(http://www.gracecavalieri.com/significantPoets/lucilleClifton.html)

I’ve said that I know there’s Lucifer in Lucille, because I know me—I can be so petty, it’s amazing! And there is therefore a possibility of Lucille in Lucifer. Lucifer was doing what he was supposed to do, too, you know? It’s too easy to see Lucifer as all bad. Suppose he were merely being human. That’s why the Bible people—it’s too easy to think of them all as mythological, saintly folk. It is much more interesting to me that these were humans—caught up in a divine plan, but human. That seems to me the miracle.
(http://www.poetryfoundation.org/journal/article.html?id=179624)

-“Lucifer six finger” immediately turns Lucifer into Lucille, who almost shares his name anyway. Milton uses Satan to express his own doubts and ideas throughout Paradise Lost. (And he aligned himself with Jesus in Paradise Regained…yeah, he liked to be the hero.) Lucifer also breaks from the “littlest finger” of God…
-“Eve’s version” is Paradise Lost exactly. In PL, Satan whispers a dream to Eve about the apple, and here too “smooth talker/slides into my dreams/and fills them with apple.” Clifton has Satan try to convince Eve that she really lusts after her own self. In PL Eve is, right after being created, almost in love with her own reflection, finding herself much more beautiful than Adam when she meets him.
-Clifton’s Lucifer swoops down to Eden because he thinks Eve’s hot (Milton’s Satan is momentarily mesmerized by Eve’s beauty, but snaps out of it – he’s just come to steal more of God’s creations for his anti-Heaven team)…and even has sex with her? “phallus and father/doing holy work/oh sweet delight/oh eden/if the angels/hear of this/there will be no peace/in heaven.” Satan gets it on with Eve in the Zohar (and I guess in other holy texts) but not in the Bible, and in any sacred work it’s…not so much a happy event, but Lucille treats Satan as the one who “illuminates” Adam and Eve. (We don’t get any baby giants, though.)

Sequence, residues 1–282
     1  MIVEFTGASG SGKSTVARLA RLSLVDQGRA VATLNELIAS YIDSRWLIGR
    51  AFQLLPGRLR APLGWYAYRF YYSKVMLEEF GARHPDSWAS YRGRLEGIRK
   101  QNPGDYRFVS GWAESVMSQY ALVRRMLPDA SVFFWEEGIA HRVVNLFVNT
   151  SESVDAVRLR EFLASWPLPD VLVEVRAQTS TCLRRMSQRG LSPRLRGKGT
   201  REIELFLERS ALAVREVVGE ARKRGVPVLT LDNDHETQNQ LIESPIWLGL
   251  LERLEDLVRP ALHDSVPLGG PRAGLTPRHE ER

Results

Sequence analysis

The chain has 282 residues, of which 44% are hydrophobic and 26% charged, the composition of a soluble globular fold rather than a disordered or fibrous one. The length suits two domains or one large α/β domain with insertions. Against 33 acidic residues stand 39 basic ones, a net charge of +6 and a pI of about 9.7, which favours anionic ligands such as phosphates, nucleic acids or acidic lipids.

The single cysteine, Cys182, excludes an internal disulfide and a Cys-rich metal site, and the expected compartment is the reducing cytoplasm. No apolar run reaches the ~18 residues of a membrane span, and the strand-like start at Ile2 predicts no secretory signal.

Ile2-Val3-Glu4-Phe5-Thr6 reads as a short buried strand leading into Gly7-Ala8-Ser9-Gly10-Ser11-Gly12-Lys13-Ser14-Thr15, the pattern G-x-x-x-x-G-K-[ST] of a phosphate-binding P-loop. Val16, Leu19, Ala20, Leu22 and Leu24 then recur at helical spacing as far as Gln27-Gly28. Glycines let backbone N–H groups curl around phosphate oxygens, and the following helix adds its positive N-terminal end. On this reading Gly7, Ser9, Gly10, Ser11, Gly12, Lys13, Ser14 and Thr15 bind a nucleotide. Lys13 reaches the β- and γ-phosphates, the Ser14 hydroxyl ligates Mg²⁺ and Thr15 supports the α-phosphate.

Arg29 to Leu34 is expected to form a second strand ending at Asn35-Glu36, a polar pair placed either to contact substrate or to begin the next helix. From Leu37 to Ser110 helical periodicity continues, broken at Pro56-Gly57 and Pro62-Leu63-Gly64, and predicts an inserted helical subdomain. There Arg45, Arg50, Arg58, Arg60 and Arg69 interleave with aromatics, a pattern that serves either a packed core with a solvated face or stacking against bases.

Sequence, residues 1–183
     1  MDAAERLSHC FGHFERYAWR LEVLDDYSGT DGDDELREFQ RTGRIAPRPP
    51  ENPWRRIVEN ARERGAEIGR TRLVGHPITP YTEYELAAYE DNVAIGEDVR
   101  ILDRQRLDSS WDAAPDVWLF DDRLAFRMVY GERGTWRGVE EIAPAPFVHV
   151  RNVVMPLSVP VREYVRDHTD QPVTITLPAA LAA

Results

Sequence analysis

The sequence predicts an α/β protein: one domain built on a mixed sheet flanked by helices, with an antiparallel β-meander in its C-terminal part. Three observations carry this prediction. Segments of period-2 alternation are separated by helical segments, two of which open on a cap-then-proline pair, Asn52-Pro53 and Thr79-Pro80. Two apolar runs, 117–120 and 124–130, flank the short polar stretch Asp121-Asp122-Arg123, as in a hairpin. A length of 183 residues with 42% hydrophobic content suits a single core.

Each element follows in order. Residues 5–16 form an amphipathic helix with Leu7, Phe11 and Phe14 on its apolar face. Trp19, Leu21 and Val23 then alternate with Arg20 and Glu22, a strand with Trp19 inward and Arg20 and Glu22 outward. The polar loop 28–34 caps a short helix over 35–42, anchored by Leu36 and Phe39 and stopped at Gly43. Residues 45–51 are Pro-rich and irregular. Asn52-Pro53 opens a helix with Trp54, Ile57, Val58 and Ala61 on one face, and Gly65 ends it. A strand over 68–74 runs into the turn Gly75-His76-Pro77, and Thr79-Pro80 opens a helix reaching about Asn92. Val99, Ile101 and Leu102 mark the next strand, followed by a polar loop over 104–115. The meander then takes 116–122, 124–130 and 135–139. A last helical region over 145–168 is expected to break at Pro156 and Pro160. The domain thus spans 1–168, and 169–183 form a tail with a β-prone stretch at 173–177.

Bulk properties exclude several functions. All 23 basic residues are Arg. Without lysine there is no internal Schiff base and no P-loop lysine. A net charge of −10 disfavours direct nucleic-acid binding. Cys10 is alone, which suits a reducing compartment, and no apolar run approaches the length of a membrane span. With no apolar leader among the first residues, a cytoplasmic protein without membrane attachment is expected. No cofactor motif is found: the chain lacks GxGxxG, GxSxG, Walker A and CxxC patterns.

-“it was/to be/i who was called son.” Milton does this, makes Satan wildly jealous of Jesus, and that’s what causes him to fall.

Safe to say there’s a lot of Paradise Lost in these few Lucifer poems, and I think Clifton’s Lucifer is Milton’s Satan. She just sides with him much more willingly/openly… Milton is more openly pro-Fall in Areopagitica.

In something non-Miltonic…
I love the thought: “this creation is so fierce/i would rather have been born.”

Sheesh, three of my lit classes are all over Milton right now, and I’m in the Milton seminar… Does anyone else ever feel like they’re double-majoring in religion?

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White Lady

November 2, 2010

Clifton’s poem “White Lady” contains only one punctuation mark, a period at the end of the first stanza. The rest of the poem contains no lines that are end stopped. As a reader I feel the poem is not simply about drug use, but rather about ownership and control. In a way the lack of punctuation and capitalization functions not only as a hallmark of some of Clifton’s writing, but also as the embodiment of the lack of control that the speaker of the poem feels. This lack of control is particularly evident in the second stanza where the white lady speaks. Clifton writes,